The US isn't exactly trumpeting the news, but it's now helping Iran in the fight to boot the Islamic State out of the Iraqi city of Tikrit. It goes like this: For the last few weeks, Iranian military advisers and Iranian-backed militias have been teaming up with Iraqi troops to wage a ground offensive against ISIS to retake the city. Things were going well at first, and the US was happy to stay out of the fight, but that changed when the ground offensive stalled, reports the New York Times. Hence, US warplanes began airstrikes against ISIS positions today, reports the AP, and the initiative is expected to last for days.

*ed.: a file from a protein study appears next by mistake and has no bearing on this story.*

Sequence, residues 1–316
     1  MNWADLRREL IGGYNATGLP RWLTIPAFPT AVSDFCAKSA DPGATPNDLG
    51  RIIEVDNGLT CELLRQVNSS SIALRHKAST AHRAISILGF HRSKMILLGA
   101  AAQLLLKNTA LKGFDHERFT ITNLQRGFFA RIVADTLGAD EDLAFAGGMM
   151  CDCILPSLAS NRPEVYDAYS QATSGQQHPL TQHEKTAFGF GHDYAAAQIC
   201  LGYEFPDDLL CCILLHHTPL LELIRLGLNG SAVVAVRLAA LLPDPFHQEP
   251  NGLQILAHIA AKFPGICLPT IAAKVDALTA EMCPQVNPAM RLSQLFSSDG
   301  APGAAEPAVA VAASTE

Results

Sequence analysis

"Though expected for the better part of a week and unlikely to be coordinated with Iran’s proxies, the belated introduction of US combat aircraft above Tikrit has brought the Obama administration to an awkward point it has long dismissed: a tactical, if tacit, alliance with its greatest rival in the Middle East," writes Spencer Ackerman at the Guardian. Not that the US is anxious to talk about it: Reuters notes that the US commander of the coalition, Lt. Gen. James Terry, seemed to go out of his way to avoid naming Iran. The strikes will help "Iraqi forces under Iraqi command," he said. Both the AP and the BBC see the fight for Tikrit as a precursor to a much bigger fight down the road—the battle to recapture Mosul. (Read more Tikrit stories.)